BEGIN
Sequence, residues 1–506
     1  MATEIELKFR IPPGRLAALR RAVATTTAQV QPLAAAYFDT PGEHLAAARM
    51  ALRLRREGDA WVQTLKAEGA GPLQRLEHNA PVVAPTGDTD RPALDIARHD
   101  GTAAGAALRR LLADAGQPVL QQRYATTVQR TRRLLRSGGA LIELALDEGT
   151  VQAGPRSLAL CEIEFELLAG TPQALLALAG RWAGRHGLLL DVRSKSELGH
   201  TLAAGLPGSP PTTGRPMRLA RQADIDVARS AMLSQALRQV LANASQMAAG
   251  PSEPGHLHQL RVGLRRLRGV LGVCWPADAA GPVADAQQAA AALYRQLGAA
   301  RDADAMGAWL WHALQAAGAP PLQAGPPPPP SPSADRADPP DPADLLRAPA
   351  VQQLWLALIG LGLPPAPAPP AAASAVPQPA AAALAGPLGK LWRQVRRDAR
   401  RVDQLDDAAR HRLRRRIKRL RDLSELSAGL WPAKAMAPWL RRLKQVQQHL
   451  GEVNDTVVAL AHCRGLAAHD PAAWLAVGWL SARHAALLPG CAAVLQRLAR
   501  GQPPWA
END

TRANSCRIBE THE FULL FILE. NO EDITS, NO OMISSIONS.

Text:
Sequence, residues 1–506
     1  MATEIELKFR IPPGRLAALR RAVATTTAQV QPLAAAYFDT PGEHLAAARM
    51  ALRLRREGDA WVQTLKAEGA GPLQRLEHNA PVVAPTGDTD RPALDIARHD
   101  GTAAGAALRR LLADAGQPVL QQRYATTVQR TRRLLRSGGA LIELALDEGT
   151  VQAGPRSLAL CEIEFELLAG TPQALLALAG RWAGRHGLLL DVRSKSELGH
   201  TLAAGLPGSP PTTGRPMRLA RQADIDVARS AMLSQALRQV LANASQMAAG
   251  PSEPGHLHQL RVGLRRLRGV LGVCWPADAA GPVADAQQAA AALYRQLGAA
   301  RDADAMGAWL WHALQAAGAP PLQAGPPPPP SPSADRADPP DPADLLRAPA
   351  VQQLWLALIG LGLPPAPAPP AAASAVPQPA AAALAGPLGK LWRQVRRDAR
   401  RVDQLDDAAR HRLRRRIKRL RDLSELSAGL WPAKAMAPWL RRLKQVQQHL
   451  GEVNDTVVAL AHCRGLAAHD PAAWLAVGWL SARHAALLPG CAAVLQRLAR
   501  GQPPWA